One of the more remarkable developments of the last 50 years is the relentless commitment of a segment of the American academic and cultural elite to selling a vision of American life that is slowly but relentlessly proving to be — on balance — more harmful for children and less joyful for adults, while also relentlessly mocking (at worst) or ignoring (at best) the life choices that lead — again, on balance — to greater human flourishing.
I’ve asked this question before, but let me ask it again. How many happy, sexually vibrant religious married couples have you seen on popular television shows or movies — even in this era of fragmented, targeted entertainment? Now, compare that number (which is very, very close to zero) with the number of times you’ve seen liberation from religion portrayed as the key to sexual fulfillment.
How many times, amid the celebrations of sexuality on college campuses, do you hear the speakers at the various “sex weeks” say something like, “If you really want to improve your odds of enjoying a sexually satisfying life with a faithful partner, you might want to check out church”? Or how many wonkish progressives — the very people most likely to share charts and graphs about the effects of public policies or to pass around the latest social science about race, gender, and gender identity — will dwell on charts such as these, from the invaluable Institute for Family Studies:
These figures represent the U.S. portion of an extraordinary IFS study that attempted to answer the question “Is faith a global force for good or ill in the family?” IFS examined the relationship between religion and fertility, domestic violence, relationship quality, and infidelity. The findings were fascinating.
The global data reflected the U.S. reality. Highly religious couples “enjoy higher-quality relationships and more sexual satisfaction” compared with mixed or entirely secular couples. Moreover, in the global study, religion has an increasingly positive influence on fertility. Religious couples had “0.27 more children than those who never, or practically never, attend.”
The IFS study doesn’t just explode progressive cultural stereotypes of unhappy, sexless religious prudes. Conservatives often think of feminists (especially secular feminists) as angry and joyless. But the study indicates otherwise. There was a “J-Curve in overall relationship quality for women.” It turns out that women in “shared secular, progressive relationships enjoy comparatively high levels of relationship quality.” They were surpassed only by “women in highly religious relationships, especially traditionalists.”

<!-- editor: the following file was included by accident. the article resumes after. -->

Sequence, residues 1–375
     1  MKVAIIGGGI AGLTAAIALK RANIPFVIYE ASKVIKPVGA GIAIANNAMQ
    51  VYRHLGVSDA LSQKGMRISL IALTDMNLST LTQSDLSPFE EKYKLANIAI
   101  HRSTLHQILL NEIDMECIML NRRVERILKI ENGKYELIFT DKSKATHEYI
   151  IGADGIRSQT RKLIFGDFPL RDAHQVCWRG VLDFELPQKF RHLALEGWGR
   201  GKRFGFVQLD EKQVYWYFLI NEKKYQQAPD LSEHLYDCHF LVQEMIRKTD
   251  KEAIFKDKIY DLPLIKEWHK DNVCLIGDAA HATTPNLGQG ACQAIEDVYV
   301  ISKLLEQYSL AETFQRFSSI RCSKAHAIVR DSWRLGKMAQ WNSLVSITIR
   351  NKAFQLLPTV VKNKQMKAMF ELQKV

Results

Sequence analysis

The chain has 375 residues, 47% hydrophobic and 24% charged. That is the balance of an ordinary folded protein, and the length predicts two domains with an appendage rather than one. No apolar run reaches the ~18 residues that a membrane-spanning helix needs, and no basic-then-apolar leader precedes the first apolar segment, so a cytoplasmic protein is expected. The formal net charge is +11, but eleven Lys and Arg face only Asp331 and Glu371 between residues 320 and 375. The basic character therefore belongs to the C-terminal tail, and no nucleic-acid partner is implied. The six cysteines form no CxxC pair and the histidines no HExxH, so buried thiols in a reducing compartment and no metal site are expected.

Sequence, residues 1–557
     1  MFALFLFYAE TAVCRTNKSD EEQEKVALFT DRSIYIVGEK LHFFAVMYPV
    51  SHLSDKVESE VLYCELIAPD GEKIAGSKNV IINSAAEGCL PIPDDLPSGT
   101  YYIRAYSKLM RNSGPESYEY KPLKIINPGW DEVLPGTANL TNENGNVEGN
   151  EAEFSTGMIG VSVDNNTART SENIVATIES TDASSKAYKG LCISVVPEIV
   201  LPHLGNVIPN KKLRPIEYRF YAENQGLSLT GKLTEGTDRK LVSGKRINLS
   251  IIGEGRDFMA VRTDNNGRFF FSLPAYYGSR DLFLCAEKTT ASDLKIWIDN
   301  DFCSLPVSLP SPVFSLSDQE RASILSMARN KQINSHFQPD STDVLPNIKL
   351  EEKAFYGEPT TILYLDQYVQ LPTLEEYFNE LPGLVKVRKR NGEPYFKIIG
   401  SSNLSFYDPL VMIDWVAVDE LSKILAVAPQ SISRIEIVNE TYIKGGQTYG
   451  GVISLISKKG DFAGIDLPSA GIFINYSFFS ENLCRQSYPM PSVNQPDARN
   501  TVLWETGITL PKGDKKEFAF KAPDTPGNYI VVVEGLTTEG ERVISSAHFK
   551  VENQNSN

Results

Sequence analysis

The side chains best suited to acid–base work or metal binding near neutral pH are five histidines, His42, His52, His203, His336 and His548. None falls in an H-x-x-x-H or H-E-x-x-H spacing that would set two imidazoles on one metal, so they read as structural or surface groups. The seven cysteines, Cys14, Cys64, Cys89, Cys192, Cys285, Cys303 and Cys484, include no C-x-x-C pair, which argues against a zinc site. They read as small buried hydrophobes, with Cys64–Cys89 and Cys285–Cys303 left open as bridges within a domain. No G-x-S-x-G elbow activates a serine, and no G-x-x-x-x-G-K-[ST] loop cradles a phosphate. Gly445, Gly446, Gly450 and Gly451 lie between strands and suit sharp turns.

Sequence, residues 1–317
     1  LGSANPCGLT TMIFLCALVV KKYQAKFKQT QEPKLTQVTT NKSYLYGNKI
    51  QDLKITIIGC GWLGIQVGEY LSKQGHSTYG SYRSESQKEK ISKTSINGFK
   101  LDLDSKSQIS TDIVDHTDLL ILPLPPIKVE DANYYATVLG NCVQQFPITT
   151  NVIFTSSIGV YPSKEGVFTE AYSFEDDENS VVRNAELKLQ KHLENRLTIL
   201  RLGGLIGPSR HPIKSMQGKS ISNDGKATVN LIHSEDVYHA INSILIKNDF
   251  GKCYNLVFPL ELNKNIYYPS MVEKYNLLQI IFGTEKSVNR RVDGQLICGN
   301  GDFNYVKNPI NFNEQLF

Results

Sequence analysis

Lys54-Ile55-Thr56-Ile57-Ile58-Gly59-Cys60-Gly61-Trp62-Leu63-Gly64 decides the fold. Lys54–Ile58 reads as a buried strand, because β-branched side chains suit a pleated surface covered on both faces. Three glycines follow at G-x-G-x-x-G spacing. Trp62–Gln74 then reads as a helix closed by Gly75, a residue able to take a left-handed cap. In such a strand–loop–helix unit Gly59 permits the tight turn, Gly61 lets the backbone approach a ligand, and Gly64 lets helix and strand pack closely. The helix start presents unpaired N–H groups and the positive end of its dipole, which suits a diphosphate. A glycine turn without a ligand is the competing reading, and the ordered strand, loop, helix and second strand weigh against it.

It’s worth considering these results in light of a recent, much-discussed Atlantic story by Kate Julian describing America’s so-called “sex recession.” In a time when our nation has erased sexual taboos, cast off moral restraints, and become “more tolerant of sex in just about every permutation,” young Americans are having less sex. And one of the prime reasons is the “decline in couplehood among young people.” Married people have more sex than single people, yet fewer people get married, and the people who do marry “have been marrying later.”
IFS senior fellow Bradford Wilcox and IFS research fellow Lyman Stone followed Julian’s work by examining whether the sex recession was related to the measurable decline of happiness in America’s young adults. They concluded that “changes in sexual frequency can account for about one-third of the decline in happiness since 2012 and almost 100 percent of the decline in happiness since 2014.”
Over the last decade we’ve seen quite a bit of triumphalism from the forces of American secularization and from those who’ve long sought to question, undermine, or even demolish traditional institutions of American life. Marriage declines. Church attendance diminishes. But the new dawn of human flourishing and personal joy proves elusive.
Single parents struggle to raise their children and provide not just the economic and educational opportunities they need, but also the emotional support they require. Fractured families grapple with the crisis of drug abuse. Our post-religious politics are nasty, divisive, and vicious. And now we increasingly see that the sexual revolution can often bring its own brand of unhappiness, including — ironically enough — sexlessness.
As someone who has spent my entire life in religious communities, I’ve always rebelled against the cultural stereotypes. I’ve grown up in communities that often struggled with the exact same moral maladies that inflict the rest of the world but always included systems and networks of encouragement and support. I did not grow up around emotionally stunted prudes. I don’t live around such people now.
There are certainly people who flee religious communities for good reason. There are terrible churches, and there are abusive religious figures, including fathers, husbands, and pastors. But I fear that in our pop culture and in our academies, the anecdotes have overwhelmed the data, and therefore our cultural elites have all too often missed the real story of the meaning, satisfaction, and virtuous purpose in America’s faithful families.
Sexual liberation has all too often brought neither sex nor liberation, and thanks to the work of the IFS, we can respond to felt need with real data. Are you seeking love in this life? The church doors are always open, and while matchmaking isn’t its purpose, the connection to a holy God carries with it connection to his flawed people, and in those connections you can find profound joy.
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David French is a senior writer for National Review, a senior fellow at the National Review Institute, and a veteran of Operation Iraqi Freedom.